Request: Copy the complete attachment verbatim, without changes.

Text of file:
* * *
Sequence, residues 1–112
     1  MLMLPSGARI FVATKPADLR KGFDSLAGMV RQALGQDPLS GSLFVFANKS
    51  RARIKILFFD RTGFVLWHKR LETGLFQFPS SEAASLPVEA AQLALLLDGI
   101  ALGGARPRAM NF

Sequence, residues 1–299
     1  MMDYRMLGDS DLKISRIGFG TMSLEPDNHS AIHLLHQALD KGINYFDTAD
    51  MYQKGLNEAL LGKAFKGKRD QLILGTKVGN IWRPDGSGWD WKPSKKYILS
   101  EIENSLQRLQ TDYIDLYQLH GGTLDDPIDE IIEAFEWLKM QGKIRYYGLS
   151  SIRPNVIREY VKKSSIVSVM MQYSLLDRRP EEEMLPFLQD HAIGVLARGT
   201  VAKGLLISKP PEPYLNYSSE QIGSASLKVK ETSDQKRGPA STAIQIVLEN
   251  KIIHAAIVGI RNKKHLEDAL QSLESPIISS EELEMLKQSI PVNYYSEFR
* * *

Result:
Sequence, residues 1–112
     1  MLMLPSGARI FVATKPADLR KGFDSLAGMV RQALGQDPLS GSLFVFANKS
    51  RARIKILFFD RTGFVLWHKR LETGLFQFPS SEAASLPVEA AQLALLLDGI
   101  ALGGARPRAM NF

Sequence, residues 1–299
     1  MMDYRMLGDS DLKISRIGFG TMSLEPDNHS AIHLLHQALD KGINYFDTAD
    51  MYQKGLNEAL LGKAFKGKRD QLILGTKVGN IWRPDGSGWD WKPSKKYILS
   101  EIENSLQRLQ TDYIDLYQLH GGTLDDPIDE IIEAFEWLKM QGKIRYYGLS
   151  SIRPNVIREY VKKSSIVSVM MQYSLLDRRP EEEMLPFLQD HAIGVLARGT
   201  VAKGLLISKP PEPYLNYSSE QIGSASLKVK ETSDQKRGPA STAIQIVLEN
   251  KIIHAAIVGI RNKKHLEDAL QSLESPIISS EELEMLKQSI PVNYYSEFR